Tag: words

  • Cucumber

    Lots of people have cucumbers in their gardens right now. I ate a few, and then I got curious. Why does it take three syllables to talk about an edible plant part that so many of us love? Beans, peas, and grapes are monosyllabic, and as far as I know, we’ve been eating them and…

  • I Wish People Wouldn’t Say “Vaccine-Resistant”

    Recently, I read something containing the phrase “vaccine-resistant.” In my opinion, this is poor wording. Before I continue with my reasoning, let it be known that I do not hold a medical degree of any kind, and therefore I am speaking purely from my own personal understanding of how viruses, vaccines, and the human body…

  • Happiness – Haiku

    Happiness can be, Found easily and yet we, Never stop searching.

  • Gray – Haiku

    Gray is in the clouds, And old buildings standing near, My hair feels their age.

  • Red – Haiku

    In the color red, Danger courage warnings blood, And delicious fruit.

  • Blue – Haiku

    With the color blue, Draw the sky and water too, Why should blue mean sad?

  • Sound – Haiku

    Voices of loved ones, And a body of water, Good useful advice.

  • A Word about Word Count in Fiction

    I seem to be obsessed with word count. I don’t mean that I worry about my stories having specific word counts, but I keep wondering how many words long a story is. “How many words?” is the first question I have when people talk about their writing. Many years ago, when I first started trying…

  • Haiku about Fire

    Flames crackle and burn, Keeping us warm in winter, Yet they can kill us.

  • Brain

    Every Thursday, I like to use a writing prompt. Today, I’m using the word “brain,” which popped into my head, so I started thinking about it! I don’t remember who said this or where I read it, but I found it surprising that people used to wonder where our thoughts were. Didn’t we have them…

  • Tomb – Revisited

    On July 23, I wrote this post about the word “tomb.” At the end of it, I used the phrase “rest in peace,” which reminded me of my favorite Edgar Allan Poe story — The Cask of Amontillado.

  • Dungeon

    I’ve been rereading Harry Potter recently, and the word “dungeon” occurs rather frequently. They’re dark and fearsome, but what is a dungeon, exactly? I mean, I’ve never actually been in one. I’m working on a book called “Written in Stone,” a fantasy romance, which involves a dungeon or two, so the word’s going to come…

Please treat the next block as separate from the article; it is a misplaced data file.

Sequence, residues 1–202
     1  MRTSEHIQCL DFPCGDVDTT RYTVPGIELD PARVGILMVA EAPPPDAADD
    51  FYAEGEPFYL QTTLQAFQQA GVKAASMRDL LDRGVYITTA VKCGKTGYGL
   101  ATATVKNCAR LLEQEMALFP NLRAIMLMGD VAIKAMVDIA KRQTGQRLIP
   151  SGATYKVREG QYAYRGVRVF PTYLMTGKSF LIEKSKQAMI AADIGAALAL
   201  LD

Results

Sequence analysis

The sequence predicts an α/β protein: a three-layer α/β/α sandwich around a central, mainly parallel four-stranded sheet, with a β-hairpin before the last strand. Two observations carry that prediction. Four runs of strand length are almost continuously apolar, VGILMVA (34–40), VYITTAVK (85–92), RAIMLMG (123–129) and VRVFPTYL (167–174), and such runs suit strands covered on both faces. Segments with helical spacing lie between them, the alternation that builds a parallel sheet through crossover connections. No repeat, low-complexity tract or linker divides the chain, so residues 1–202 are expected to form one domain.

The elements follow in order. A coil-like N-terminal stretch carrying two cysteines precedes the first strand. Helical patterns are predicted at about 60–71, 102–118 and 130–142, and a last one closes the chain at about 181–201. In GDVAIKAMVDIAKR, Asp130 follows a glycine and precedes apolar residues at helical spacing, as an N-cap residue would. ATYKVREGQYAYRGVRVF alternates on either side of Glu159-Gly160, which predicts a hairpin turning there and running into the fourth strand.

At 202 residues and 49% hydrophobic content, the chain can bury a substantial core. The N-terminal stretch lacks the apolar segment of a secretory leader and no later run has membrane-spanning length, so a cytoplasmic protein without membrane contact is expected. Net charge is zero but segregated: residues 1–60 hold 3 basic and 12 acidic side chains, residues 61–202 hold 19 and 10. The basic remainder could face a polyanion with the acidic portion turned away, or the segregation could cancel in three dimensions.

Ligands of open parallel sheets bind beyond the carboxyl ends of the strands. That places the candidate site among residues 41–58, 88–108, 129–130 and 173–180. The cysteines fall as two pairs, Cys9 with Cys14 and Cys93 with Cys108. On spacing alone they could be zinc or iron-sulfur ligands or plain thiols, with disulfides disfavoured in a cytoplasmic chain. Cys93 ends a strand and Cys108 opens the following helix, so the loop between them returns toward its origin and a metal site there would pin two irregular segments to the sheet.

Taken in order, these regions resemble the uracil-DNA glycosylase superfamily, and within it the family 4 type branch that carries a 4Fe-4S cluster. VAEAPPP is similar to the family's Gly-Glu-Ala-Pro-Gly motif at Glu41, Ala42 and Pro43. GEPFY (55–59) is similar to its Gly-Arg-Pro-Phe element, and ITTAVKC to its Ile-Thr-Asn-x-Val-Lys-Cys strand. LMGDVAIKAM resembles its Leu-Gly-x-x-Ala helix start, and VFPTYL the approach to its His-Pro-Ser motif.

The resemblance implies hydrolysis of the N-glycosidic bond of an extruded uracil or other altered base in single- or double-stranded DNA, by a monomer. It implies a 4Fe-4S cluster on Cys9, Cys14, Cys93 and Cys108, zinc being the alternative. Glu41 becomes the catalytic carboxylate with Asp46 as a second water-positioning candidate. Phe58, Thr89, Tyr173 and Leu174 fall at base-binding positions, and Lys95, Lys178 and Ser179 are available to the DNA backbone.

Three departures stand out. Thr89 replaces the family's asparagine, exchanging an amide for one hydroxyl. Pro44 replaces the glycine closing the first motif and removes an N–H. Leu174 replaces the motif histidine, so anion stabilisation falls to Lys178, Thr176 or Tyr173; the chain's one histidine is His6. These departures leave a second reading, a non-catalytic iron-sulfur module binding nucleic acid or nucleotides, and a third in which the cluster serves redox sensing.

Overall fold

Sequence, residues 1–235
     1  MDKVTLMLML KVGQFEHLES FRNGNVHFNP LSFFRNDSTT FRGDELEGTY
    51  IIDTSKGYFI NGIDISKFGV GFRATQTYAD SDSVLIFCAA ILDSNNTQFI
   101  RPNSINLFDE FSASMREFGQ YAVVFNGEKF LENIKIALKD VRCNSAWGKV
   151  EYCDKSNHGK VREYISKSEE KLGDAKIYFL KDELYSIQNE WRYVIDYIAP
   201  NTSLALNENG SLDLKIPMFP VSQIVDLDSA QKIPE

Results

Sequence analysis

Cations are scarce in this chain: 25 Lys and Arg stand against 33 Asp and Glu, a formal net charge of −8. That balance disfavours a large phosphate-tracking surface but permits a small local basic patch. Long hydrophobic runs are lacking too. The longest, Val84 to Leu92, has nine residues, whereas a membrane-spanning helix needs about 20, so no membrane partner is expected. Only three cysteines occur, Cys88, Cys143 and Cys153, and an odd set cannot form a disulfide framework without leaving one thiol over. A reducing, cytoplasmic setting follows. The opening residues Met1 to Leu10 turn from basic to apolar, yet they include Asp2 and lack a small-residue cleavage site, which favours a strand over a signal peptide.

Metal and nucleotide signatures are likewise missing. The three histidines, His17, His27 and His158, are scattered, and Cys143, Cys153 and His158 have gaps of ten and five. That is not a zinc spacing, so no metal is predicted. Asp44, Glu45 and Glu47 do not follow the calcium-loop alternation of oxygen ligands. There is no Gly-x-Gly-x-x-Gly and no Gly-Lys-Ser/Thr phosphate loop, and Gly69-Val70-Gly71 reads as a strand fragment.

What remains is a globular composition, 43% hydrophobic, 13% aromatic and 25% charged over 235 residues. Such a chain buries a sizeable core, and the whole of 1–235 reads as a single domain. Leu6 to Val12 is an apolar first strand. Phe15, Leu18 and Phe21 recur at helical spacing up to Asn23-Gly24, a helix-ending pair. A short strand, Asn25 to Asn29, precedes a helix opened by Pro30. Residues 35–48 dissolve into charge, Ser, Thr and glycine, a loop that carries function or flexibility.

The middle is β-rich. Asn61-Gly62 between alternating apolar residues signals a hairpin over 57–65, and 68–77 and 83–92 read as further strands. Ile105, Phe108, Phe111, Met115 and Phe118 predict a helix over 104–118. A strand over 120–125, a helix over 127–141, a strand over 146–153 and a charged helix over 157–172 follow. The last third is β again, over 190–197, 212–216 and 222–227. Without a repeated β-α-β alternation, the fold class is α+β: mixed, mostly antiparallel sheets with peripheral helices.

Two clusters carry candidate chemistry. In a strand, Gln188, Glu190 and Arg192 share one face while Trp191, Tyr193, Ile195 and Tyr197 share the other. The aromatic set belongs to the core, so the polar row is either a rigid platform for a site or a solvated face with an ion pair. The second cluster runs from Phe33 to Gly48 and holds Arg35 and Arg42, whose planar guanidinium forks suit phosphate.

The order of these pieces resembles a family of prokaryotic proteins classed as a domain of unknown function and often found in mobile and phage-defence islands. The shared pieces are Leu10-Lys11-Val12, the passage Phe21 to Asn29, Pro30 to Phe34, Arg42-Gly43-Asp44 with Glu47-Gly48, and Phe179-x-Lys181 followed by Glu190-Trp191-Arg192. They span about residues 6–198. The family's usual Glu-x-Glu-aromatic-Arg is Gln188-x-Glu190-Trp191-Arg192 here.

• Category

    “Predictables?” Oh, no, it was “predicables,” but I’m none the wiser. Affirmable attributes leave me baffled, so I’m just going to accept the meaning of “category” that I know: a group of things that share something. (That’s not quite what the dictionary said, but close enough.) To clear my head a little, I think I’ll…

  • Second – Haiku

    The one-word prompt was “second.” I am not the first, I do not live long at all, I get the last word.

  • Air – Haiku

    Prompt: Air. Take in a deep breath, The people who’ve lived before, Have shared it with you.

  • Words – Haiku

    Words live in our minds, We add new ones throughout life, Faithful friends always.

  • Tomb

    I was working on a book and wrote the word “tombstone.” Then I started to wonder why “tomb” rhymes with “gloom” and doesn’t sound like “Tom.” According to Wiktionary, “tomb” was borrowed from Old French into Middle English, and since I understand neither Middle English spelling nor pronunciation, I don’t know why the o, but…

  • Tiny

    Somebody used the word “tiny” in a tweet, and it sparked this post. Interestingly, the word “tiny” may relate to the tines of a fork. They are quite small, although I personally wouldn’t call them tiny. I read the definition of “tine,” and discovered, to my surprise, that it can be used as an adjective,…

  • The Penny, the Dollar, and the Pound

    I’m having some book covers created by David Collins of DC Cover Creations, and I pay in British pounds. I started thinking about the names of various currencies, and what they mean. The penny. Well, pennies are old, and I don’t mean just sort of old. The word has a Proto-Germanic origin and there are…

  • Lousy

    It’s interesting how the meaning of words changes over time, but even more so that we don’t often think about the words we use, and where they come from. A remarkably good (or bad) example of this is the word “lousy.” The dictionary definition, or at least the first one, is “remarkably bad,” “poor quality,”…

  • Sober

    It’s almost Friday, so I’m thinking about the opposite of sober. I had no idea where the word “sober” came from, so I looked it up; it’s pretty much Latin for not drunk (“without intoxication.”) Well great! I like to learn something I didn’t already know when I research words for these posts. Maybe I…